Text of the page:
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The Most Effective Way To Understand Contemporary Culture Is To Analyze The Trends Of Its Youth - With A Free Essay Review
The most effective way to understand contemporary culture is to analyze the trends of its youth. Write a response in which you discuss the extent to which you agree or disagree with the statement and explain your reasoning for the position you take. In developing and supporting your position, you should consider ways in which the statement might or might not hold true and explain how these considerations shape your position.
The statement strives to make an extremely strong connection between the contemporary culture and the trends of its youth. Contemporary culture is a very broad and complex concept that is hard to be understood thoroughly. By only studying the trends of its youth, one cannot understand this culture completely.
It is essential to grasp the elements of the contemporary culture from studying the youths, since they are creating today’s culture with motivation and gifts. Our own experience can explain why they have the incentives. Just becoming independent and limited by the experiences, the youths are excluded from the think tanks which can cast profound influence on the society and cultures. But to establish themselves, they are still eager to have a share of the culture piece that are originated or dominated by their own. We can feel their sense of proud when talking about “their” facebook, “their” internet commercializing idea, and “their” new pop star Justin Bibber. Besides the intentions, they are also at their golden time to create the culture. Adolescence is the only time when one could be so free of mind burden, so spurred by the latest knowledge from school and so focusing without any distraction from life. It is then easy to understand why they are so successfully dominating the cultural life by creating Apple, Google, and Facebook, overturning the traditional culture definition of media. Because the young people are so keen and talented culture creators, undoubtedly one can reap harvest by looking for contemporary culture elements created in their realm.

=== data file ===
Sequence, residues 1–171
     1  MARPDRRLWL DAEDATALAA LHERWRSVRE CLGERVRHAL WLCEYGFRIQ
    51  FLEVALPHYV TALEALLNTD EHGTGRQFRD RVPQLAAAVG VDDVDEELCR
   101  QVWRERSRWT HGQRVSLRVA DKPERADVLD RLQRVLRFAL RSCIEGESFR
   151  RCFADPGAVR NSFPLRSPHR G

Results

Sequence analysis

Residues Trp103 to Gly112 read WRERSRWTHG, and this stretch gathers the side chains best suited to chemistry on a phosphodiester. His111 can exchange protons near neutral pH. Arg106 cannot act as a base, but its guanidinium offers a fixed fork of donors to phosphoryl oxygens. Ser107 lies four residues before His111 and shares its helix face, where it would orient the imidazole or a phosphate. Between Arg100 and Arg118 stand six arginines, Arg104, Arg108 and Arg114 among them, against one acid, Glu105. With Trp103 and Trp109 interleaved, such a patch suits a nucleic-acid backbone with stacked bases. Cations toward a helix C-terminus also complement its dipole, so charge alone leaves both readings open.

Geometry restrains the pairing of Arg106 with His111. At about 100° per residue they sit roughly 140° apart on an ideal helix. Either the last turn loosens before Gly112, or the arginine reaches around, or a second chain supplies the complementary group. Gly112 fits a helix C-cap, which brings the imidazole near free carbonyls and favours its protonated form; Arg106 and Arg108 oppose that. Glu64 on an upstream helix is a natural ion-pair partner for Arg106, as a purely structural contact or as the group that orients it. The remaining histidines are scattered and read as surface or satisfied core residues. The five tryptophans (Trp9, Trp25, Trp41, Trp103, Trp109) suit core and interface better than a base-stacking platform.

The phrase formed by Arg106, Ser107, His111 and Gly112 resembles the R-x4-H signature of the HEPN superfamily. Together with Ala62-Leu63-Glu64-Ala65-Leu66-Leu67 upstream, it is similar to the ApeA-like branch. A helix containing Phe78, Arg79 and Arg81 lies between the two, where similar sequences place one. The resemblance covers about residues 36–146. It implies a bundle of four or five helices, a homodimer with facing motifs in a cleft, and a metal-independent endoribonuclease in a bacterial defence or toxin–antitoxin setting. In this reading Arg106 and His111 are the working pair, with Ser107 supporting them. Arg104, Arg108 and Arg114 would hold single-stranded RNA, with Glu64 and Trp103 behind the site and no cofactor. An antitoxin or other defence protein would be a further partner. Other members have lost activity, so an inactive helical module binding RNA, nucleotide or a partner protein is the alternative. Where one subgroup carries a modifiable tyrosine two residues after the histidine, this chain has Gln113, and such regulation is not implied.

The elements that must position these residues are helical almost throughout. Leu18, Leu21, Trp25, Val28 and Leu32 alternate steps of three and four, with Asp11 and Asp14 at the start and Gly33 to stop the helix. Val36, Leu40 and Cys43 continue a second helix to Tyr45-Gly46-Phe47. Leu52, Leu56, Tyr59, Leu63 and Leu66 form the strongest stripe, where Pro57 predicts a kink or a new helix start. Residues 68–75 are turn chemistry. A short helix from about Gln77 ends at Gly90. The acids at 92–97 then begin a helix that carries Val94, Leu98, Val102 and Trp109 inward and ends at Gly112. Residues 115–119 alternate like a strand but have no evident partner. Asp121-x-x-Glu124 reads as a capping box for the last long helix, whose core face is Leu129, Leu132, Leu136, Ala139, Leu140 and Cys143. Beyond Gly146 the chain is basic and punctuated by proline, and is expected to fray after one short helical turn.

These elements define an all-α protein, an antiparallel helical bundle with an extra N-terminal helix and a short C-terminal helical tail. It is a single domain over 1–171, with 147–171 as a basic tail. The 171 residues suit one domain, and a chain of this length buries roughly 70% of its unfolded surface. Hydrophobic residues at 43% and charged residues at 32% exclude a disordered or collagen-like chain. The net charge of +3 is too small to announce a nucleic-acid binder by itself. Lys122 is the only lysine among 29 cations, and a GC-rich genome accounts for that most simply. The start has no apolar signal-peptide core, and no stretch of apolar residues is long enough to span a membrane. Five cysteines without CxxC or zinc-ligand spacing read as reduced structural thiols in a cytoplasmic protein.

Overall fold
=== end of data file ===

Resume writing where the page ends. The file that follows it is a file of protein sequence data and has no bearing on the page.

Not only being creators, the youths also accept and carry the important concepts of the modern culture. This is another reason pointing to youth trends as the key to understand the modern culture. They are very open-minded and hence easy to be influenced by the latest culture. Globalization for example is an indispensable part of modern culture. This idea permeates all aspects of social life, tinting the young people most. Looking at the growing popularity of foreign language schools and tutors, surrounding by increasing number of multilingual young people who are embracing life of flying between different continents and bridging the different culture, one can easily identify the globalization elements of new culture. The example illustrates that by watching youths’ movements, one could easily capture leading theme of today’s culture.
However, it is still too hasty to conclude that the culture elements extracted from the young population make the whole of the modern culture. Contemporary culture, as any other human society characteristics, could never be fully understood without looking at the inheritance part which is hardly captured by the ever-changing trends of the youth. As mentioned before, a key premise hiding behind the blossom of the youth-dominant culture is that they are mostly precluded from lots of serious culture topic such as political culture. We barely find the contribution from the young generation, when thinking of the bi-partisan political regime. Behind the political system is the key culture element of democracy, born with the existence of the United States. It determines the three-pillar structure of the government, could never be neglected from the contemporary political culture. Instead of studying youth trends, tracing back to the history in this case would be a more efficient way to deepen the understanding of current culture.
Social modern culture is such a rich concept, covering all aspects of human society ranging from language, cooking style, dress code, political and economic system, etc. Its dynamic and extension part, nurtured by the tireless participation of the youth, is efficient to understand from the young rhythm. But to effectively comprehend the profound inheriting piece of the modern culture, retracing the history should be a more direct way.